This is part of a series on the causes of arm and hand pain. To see the general list, go back to the checklist of causes.
The supinator and both pronator muscles are located right in the forearm. They cause pain locally and down into the wrist and thumb. The brachioradialis is a longer muscle but has a referred pain pattern similar to the supinator and a similar function.
The supinator muscle (in red to the left here) is known mostly for causing “tennis elbow” and lateral epicondylitis, or pain in the outer part of the elbow. It nestles deep around the bones of the joint, wrapping around the radius bone of the forearm on the thumb side, attaching below to the ulna bone near your elbow. It’s job is to turn your arm so your palm faces upward. Local pain can be felt both with movement and at rest. Referred pain from Trigger Points is felt in the elbow, but also down into the base of the thumb and the back side of the web between the thumb and index finger.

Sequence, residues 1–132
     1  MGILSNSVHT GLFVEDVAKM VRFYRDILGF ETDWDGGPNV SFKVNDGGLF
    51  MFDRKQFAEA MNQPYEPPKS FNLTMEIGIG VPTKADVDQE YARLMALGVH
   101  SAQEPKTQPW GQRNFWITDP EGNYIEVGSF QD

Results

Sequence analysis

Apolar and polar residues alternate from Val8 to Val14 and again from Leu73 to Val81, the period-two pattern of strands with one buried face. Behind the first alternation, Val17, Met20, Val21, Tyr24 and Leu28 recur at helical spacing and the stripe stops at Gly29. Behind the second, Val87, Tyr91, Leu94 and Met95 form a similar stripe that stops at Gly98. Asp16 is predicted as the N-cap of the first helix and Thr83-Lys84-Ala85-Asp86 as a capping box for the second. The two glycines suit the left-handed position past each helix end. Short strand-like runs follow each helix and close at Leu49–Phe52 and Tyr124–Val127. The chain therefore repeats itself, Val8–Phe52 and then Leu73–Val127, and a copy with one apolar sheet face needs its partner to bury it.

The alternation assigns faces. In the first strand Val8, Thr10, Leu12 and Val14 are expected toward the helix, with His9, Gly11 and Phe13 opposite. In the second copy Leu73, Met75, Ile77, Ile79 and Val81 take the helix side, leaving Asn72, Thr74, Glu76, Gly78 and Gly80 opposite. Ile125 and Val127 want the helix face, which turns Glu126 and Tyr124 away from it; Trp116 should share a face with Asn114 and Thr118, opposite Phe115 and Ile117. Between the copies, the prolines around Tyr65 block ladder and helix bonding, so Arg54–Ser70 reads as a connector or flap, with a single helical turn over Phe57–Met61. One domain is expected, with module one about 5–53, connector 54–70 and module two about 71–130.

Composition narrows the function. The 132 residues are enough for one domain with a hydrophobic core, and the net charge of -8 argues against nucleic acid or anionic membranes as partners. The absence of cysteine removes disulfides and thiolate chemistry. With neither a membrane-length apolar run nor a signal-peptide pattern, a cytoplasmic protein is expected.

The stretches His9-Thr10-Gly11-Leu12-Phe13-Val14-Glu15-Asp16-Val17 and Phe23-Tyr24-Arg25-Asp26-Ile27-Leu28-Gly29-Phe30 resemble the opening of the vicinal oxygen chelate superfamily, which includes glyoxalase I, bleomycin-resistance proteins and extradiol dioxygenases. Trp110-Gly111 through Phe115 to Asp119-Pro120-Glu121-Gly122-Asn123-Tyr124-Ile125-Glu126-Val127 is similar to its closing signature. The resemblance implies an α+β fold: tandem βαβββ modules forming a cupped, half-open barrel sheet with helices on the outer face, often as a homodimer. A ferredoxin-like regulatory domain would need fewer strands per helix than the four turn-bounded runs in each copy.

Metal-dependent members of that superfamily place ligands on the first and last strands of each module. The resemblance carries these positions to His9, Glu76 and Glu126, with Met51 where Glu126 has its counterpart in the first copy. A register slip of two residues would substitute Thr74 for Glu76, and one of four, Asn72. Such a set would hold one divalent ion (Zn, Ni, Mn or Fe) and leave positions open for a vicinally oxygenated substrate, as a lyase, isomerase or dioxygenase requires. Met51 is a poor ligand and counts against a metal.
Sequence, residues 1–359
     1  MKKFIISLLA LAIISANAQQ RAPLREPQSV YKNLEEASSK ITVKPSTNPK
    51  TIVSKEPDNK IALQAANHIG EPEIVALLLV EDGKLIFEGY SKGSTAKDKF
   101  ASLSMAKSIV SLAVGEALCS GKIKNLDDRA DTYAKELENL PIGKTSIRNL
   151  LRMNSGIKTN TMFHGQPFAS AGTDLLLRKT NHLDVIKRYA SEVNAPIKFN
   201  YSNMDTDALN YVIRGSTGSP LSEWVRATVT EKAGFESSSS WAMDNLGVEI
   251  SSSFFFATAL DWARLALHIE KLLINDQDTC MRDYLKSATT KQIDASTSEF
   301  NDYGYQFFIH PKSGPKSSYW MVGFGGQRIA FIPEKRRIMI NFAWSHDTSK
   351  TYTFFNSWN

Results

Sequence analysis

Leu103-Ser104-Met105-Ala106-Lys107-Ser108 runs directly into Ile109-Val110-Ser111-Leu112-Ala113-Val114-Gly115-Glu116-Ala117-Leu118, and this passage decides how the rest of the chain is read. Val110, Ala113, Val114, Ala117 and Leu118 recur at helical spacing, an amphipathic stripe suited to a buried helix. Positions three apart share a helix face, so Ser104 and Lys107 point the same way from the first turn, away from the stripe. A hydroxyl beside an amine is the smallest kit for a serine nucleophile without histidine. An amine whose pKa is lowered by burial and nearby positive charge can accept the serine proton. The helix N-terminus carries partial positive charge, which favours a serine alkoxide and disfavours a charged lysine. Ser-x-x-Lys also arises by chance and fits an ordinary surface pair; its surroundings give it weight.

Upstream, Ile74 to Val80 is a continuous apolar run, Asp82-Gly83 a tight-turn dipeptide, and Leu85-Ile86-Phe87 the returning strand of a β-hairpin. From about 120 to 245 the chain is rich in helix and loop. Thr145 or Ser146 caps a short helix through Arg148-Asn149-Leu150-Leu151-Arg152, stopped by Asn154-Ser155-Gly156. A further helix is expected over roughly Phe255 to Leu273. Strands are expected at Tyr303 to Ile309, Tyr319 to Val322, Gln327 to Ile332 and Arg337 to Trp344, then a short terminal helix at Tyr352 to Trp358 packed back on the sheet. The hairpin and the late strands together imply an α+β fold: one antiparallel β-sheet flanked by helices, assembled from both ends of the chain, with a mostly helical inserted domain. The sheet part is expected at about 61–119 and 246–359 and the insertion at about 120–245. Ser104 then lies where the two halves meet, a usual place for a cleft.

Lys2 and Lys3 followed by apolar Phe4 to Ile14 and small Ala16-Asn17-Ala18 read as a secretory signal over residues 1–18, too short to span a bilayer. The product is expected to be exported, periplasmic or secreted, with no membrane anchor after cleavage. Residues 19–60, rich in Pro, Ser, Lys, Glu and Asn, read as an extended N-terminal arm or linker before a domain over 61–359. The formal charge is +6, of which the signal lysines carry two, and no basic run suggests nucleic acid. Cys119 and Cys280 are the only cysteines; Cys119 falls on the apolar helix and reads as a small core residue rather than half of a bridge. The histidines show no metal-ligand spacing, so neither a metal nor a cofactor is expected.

The brachioradialis attaches between the upper arm bone (humerus) and the head of the radius bone at the thumb side of the wrist. The reason I include it here is that it causes pain in the outside of the elbow like epicondylitis and performs the same motion of twisting the arm as the supinator, like opening doors with a doorknob. Referred pain also goes down into the base of the thumb and the back of the web between the thumb and index finger.
The pronator teres turns the palm downward, opposite to the supinator, and attaches between the inner elbow and the middle of the radius bone of the forearm. The pain it causes from Trigger Points is in the inner fleshy part of the forearm and down into the wrist and base of the thumb. The pronator quadratus spans the space between the ulna and radius at the wrist and has the same action as the pronator teres. It occupies a similar position to the carpal ligament that forms the top of the carpal tunnel. It’s Trigger Points are not recorded, but local pain would be at the wrist, more toward the base of the thumb.